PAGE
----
First OpenSource Contribution? Don't Start at Good First Issue


2 min read

A solid OSS code contribution will take somewhere from 3-6 months. But that sounds like a tedious task and a lot of time and effort. It is. That is why it has high credibility.

It involves

  1. Getting accustomed to the project
  2. Reading and understanding their code base
  3. Finding interesting issues
  4. Fixing the code
  5. Making a PR
  6. Fixing the review comments
  7. Merging.

Most people get stuck in finding a project and finding issues to solve. There are a few tricks to make this process easier.

When you look for advice to make your OSS contribution on the internet, most people say go with good first issues. I'm writing this specifically to argue against this notion.

Project that you already familiar with

Pick an open-source project or a library that you already use every day. If you are a Pythonista, the easiest way is to look at your requirements file. My first contribution was to Pandas because I actively used it in my project.

Make a list of issues

Make a list of all the things you want this library to do. Do wishful thinking. Think of a new integration or make it faster or a section for which documentation could be better.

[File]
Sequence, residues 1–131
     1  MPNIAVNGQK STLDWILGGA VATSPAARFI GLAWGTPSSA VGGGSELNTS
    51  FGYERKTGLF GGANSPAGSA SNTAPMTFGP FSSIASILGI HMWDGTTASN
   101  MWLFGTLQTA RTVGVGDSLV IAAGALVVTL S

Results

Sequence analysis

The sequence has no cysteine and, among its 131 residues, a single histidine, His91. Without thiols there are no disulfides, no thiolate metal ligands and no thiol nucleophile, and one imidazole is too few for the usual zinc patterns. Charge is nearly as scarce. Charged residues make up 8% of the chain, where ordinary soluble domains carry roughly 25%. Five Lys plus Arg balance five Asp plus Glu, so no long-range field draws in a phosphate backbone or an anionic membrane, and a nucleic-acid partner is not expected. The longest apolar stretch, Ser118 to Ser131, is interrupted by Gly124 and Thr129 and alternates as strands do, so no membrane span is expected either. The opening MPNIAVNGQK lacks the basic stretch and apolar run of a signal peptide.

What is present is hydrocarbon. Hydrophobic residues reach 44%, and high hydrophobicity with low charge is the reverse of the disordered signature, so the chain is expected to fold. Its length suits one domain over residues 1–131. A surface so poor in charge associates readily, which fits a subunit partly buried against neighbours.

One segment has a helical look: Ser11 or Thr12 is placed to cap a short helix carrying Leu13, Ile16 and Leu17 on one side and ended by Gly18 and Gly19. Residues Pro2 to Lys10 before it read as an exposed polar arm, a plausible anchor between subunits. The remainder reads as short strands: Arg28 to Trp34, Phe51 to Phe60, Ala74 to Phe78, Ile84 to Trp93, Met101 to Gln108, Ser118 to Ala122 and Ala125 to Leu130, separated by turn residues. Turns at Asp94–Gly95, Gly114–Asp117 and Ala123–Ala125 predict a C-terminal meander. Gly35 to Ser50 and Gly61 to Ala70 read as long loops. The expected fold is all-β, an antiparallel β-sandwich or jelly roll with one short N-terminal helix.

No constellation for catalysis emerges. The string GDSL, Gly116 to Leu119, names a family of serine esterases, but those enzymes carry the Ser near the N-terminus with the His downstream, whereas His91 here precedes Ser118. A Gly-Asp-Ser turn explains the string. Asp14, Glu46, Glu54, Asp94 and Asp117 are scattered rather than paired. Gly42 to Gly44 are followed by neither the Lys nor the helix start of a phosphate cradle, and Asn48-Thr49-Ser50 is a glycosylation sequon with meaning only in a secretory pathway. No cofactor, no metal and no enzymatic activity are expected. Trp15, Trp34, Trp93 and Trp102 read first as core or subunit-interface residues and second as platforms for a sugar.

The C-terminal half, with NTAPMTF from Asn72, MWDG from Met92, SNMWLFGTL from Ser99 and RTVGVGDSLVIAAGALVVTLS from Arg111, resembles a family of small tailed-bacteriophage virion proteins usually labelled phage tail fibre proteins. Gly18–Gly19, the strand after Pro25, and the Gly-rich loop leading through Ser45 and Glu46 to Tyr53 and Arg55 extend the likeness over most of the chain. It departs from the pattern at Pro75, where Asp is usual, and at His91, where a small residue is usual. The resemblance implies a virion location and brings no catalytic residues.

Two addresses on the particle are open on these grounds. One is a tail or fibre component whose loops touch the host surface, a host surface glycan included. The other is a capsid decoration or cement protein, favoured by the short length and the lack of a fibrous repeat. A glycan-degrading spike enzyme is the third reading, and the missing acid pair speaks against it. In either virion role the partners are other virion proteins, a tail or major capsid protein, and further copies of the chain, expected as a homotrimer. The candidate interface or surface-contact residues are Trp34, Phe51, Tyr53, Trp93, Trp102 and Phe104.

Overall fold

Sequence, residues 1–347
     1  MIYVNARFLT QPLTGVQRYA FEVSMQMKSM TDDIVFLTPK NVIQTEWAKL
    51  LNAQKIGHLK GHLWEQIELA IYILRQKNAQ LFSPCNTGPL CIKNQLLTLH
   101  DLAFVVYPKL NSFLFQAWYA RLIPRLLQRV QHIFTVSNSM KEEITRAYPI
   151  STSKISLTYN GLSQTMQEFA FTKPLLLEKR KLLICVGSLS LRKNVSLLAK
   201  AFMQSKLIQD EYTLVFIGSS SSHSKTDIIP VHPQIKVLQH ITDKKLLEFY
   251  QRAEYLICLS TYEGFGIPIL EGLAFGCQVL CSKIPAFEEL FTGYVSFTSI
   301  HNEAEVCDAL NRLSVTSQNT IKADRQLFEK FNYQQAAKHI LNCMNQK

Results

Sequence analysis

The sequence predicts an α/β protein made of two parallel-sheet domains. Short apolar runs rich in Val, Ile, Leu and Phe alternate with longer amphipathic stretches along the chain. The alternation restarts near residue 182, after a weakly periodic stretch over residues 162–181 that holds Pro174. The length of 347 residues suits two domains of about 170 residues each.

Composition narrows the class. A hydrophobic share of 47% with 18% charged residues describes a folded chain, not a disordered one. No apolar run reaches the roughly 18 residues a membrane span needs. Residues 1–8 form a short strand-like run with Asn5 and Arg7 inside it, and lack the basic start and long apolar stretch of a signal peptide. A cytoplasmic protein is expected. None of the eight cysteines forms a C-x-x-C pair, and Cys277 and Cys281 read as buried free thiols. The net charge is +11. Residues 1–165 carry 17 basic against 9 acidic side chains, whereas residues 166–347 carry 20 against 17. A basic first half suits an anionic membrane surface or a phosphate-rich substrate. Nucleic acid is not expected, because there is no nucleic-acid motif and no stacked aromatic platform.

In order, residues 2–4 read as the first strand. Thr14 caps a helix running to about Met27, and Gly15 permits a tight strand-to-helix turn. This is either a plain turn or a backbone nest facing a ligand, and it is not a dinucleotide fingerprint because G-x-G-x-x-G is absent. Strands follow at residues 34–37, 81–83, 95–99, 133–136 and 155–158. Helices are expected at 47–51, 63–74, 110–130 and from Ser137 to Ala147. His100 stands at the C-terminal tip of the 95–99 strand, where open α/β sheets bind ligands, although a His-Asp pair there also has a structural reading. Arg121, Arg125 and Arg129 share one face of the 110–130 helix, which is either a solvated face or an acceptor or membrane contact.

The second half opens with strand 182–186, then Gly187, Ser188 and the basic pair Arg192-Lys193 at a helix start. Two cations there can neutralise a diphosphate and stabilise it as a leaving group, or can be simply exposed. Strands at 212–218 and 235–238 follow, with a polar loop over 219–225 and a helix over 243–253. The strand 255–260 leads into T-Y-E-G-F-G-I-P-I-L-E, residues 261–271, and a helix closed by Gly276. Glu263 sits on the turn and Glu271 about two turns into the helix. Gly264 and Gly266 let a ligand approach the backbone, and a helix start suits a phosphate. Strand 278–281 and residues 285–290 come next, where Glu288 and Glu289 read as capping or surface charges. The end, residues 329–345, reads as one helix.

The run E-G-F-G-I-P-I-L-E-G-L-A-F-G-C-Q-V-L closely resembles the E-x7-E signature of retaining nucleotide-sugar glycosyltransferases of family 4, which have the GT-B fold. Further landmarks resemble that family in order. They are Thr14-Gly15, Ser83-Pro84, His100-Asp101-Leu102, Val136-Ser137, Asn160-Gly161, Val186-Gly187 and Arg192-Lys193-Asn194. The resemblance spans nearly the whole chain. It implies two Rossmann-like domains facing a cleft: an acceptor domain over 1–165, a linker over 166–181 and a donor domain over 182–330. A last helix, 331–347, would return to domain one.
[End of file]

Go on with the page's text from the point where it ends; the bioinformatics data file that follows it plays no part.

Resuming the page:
If you already know anything you can improve, raise an issue. Remember that issues are a way to open conversation; just because you open an issue doesn't necessarily mean it gets fixed or incorporated, but it's a good starting point.

When raising an issue, stick to the community guidelines

When to use Good-first issues

Good first issues are great if you can't find anything feasible to work on in the above steps. Filter the issues using the good-first label

Don't get intimidated by conversations happening over there. Go join in. Write what you think can add value to the thread.

Look for stale issues, something that was left unsupported for years.